I was also pleasantly surprised when my P365’s threaded barrel presented no challenge at all for the KC Baby. I’ve had this gun in a lot of holsters and all of the others required some Dremel work to clear the barrel. Can’t really hold that against them, I suppose, but the open bottom design of the Kinetic Concealment holster happened to work for me straight from its retail packaging at Texas Gun Experience (yes, I wore it out).

Kinetic Concealment’s holsters are not adjustable for retention. They believe this is a crutch for manufacturers who can’t mold their Kydex precisely enough, relying on an after-the-fact bandaid to get things right. While I’m not convinced this is always the case (sometimes, though, yes for sure), I can unequivocally state that given the ability to adjust the retention on this holster I still wouldn’t do it.

Retention at the trigger guard is spot-on. It’s secure enough to hold the pistol fully loaded, hanging upside-down, secure enough to provide that reassuring “snick-click” sound when holstering, but not so tight as to negatively affect a smooth draw.

If I’m honest, I picked up the KC Baby on a bit of a lark. I expected to reaffirm my preference for minimalist, all-Kydex holsters for small gats like my P365. What I found was a really well thought-out, well-made holster that’s really comfortable and just straight works. No tinkering, no questions, top-notch concealment at a fair price.

Specifications: Kinetic Concealment KC Baby Appendix Carry Holster

Style: Hybrid Kydex shell, leather and neoprene backing
Fits: dozens of pistol brands and models
Carry location: Appendix inside-the-waistband (AIWB) or strong side carry
MSRP: $52.95

Ratings (out of five stars):

Concealment * * * * *
Molded and designed correctly, the KC Baby keeps the “printy” parts of my P365 tucked in tight and doesn’t make any lumps or edges of its own.

Comfort * * * * *
Carrying a gun provides all sorts of comfort, but not usually the physical kind. While the KC Baby can’t make strapping on 24 ounces of steel and lead as comfortable as, you know, not strapping on all that steel and lead, it does as good as a holster can do.

Quality * * * *
A few rough edges and imperfect cuts on the Kydex shell have me knocking a star off the total here. While none of these imperfections actually matter to the function of the holster, they’re imperfections nonetheless and, compared to some of the high-end competition, improvement is clearly possible. The quality of the leather, stitching, Kydex molding, and everything else is top-notch.

Overall * * * * *
I’m impressed. The Kinetic Concealment KC Baby is a super comfortable, well-made holster that conceals like a charm. Great for EDC.

Previous Post
Next Post


  1. I cannot concealed-carry my .22 peashooter (Baretta Neos), but am fascinated by all the options for other guns. One configuration I do not understand is half-plastic and half-leather. Leather stretches and shapes, whether a full leather holster, or the “hybrid”.

    A good number of guys at the range sport combination holsters. Any of the holsters with more than about six months of daily use, stretch, shape and lose retention (although not entirely; the plastic retains is form). This does not happen with full plastic holsters, including the plastic holsters that the owner has modified to secure thin leather or neoprene to the skin-side of the holster.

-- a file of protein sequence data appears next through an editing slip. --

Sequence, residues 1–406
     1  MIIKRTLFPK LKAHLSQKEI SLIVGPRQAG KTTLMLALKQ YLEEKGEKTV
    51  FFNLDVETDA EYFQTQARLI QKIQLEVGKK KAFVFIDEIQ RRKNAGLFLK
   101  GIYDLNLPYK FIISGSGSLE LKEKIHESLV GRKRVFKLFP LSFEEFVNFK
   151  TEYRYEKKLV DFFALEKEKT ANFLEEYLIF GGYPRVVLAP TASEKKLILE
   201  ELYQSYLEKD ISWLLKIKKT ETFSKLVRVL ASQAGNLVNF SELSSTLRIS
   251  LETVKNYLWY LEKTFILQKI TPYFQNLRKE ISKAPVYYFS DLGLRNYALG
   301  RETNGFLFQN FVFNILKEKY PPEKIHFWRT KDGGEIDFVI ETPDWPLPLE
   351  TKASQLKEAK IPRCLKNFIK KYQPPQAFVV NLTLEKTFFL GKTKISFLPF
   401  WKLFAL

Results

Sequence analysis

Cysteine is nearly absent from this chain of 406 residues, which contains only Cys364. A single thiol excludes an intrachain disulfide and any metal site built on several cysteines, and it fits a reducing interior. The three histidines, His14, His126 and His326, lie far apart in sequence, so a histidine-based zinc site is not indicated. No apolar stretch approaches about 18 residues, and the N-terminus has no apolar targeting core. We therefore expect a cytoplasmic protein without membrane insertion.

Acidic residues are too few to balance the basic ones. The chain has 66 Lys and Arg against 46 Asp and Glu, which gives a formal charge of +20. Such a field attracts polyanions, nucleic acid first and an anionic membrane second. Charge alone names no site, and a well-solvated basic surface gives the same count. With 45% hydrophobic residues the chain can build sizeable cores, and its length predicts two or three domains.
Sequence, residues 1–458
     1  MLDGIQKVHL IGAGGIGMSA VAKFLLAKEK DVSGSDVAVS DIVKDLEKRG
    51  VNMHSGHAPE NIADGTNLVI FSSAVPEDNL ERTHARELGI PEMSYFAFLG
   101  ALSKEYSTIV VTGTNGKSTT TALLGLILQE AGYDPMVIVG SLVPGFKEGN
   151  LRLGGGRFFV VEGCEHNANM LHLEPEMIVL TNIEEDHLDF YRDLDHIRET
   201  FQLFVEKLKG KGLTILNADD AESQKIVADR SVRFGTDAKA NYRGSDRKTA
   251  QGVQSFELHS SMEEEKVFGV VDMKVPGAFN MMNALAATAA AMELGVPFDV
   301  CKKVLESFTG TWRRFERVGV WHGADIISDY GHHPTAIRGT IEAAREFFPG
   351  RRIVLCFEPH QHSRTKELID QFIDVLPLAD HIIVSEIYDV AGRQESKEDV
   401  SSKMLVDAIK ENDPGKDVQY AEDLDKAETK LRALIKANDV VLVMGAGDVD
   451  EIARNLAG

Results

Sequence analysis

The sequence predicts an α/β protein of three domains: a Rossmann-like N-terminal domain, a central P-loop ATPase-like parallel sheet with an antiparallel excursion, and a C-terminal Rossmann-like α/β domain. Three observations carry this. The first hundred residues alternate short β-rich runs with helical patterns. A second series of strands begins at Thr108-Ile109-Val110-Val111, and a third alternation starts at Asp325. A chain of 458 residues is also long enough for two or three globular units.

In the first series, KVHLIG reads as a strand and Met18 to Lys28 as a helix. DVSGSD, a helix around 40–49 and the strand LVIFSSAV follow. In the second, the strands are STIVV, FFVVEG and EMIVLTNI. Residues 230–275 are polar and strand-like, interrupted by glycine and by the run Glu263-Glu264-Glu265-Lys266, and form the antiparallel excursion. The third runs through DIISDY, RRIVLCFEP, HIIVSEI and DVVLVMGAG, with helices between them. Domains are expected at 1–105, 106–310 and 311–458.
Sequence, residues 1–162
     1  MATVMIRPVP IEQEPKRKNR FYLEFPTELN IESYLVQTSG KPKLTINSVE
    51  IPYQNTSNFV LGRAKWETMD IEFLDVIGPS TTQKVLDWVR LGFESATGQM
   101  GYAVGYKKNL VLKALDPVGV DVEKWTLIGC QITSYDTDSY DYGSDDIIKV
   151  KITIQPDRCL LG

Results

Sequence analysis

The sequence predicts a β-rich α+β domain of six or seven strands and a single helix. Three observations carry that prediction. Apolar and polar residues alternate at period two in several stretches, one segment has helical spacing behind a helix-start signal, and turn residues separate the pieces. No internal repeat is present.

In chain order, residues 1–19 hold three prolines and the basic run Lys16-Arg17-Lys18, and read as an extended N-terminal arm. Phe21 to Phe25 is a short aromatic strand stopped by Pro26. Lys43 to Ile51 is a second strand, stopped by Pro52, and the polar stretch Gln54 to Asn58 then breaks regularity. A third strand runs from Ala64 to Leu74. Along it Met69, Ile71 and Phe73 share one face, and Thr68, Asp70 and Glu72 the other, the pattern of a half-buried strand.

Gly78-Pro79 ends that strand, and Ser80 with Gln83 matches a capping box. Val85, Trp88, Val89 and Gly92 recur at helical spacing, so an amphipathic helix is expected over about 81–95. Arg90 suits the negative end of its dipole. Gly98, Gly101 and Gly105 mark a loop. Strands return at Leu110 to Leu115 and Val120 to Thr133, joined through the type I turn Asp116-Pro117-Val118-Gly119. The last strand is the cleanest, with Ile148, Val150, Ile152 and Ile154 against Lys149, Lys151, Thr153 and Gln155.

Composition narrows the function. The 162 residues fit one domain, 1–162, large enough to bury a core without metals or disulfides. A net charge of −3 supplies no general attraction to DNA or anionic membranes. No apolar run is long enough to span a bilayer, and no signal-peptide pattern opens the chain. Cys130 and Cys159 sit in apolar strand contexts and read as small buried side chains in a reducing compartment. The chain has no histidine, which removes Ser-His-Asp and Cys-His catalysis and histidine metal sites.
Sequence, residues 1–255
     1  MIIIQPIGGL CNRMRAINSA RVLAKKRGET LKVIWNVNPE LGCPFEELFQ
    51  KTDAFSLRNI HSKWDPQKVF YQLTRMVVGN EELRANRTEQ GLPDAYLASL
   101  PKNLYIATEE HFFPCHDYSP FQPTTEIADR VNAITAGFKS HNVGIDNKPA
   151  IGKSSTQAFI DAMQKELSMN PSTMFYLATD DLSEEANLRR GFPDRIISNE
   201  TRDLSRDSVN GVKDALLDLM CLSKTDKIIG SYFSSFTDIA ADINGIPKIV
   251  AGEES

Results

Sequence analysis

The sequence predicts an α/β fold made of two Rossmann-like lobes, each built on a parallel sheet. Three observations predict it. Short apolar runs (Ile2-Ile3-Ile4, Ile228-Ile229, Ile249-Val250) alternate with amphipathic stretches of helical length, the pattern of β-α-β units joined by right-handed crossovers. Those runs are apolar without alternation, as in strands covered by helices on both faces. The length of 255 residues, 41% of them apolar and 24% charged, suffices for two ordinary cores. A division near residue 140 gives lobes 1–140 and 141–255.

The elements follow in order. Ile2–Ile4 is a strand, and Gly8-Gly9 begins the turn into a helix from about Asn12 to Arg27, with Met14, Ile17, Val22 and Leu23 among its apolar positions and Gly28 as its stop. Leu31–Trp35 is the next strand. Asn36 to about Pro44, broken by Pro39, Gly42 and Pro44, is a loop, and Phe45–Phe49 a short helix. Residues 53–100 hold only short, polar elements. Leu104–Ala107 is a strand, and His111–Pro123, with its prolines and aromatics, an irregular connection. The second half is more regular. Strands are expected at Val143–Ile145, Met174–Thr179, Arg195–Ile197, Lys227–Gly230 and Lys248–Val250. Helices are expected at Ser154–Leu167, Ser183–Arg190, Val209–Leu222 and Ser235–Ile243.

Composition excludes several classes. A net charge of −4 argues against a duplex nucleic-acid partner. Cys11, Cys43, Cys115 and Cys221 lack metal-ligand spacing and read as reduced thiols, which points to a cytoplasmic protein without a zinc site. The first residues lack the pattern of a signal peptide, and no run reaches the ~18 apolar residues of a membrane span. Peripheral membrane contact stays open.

Why is a combo holster superior to full leather? Is it because only half the holster loses retention, and that is better than the complete loss of retention from use of full leather holsters? Is it because full leather holsters will collapse completely, while half-leather permits “no peekey” re-holstering? Is retention of IWB firearms not as important as with OWB holsters?

    • Hi Sam I Am, I’m one of the owners at Kinetic Concealment. To address your questions on the retention. One of the ways we keep this is the chicago style screw sets verses rivets. As the leather stretches, you can re-tighten the shell. As to the advantages over full leather…its probably subject to likes and dislikes, but we just like having the outer layer of the firearm covered with kydex for safety reasons, covering the trigger guard. Plus you get that snap lock feature with the kydex. But again, there are some really great leather options as well. We understand that different strokes for different folks, but we really do feel we make a great holster in our lane!

      • I am surprised, and amazed to receive a response from one of the owners of Kinetic Concealment. Surprised yet still not understanding.

        It seems that “tightening the screws” is only a temporary fix, as the leather backing will continue to stretch. Obviously, I am not the first, or only person to notice this, but I “still don’t get it.” Why the leather backing is superior to a full plastic holster with abrasion and wetness mitigating material?

        Note, I am not experienced with leather or kydex holsters, nor am I dissing you product. One day, I might have need of a holster, and my questions are truly research into options.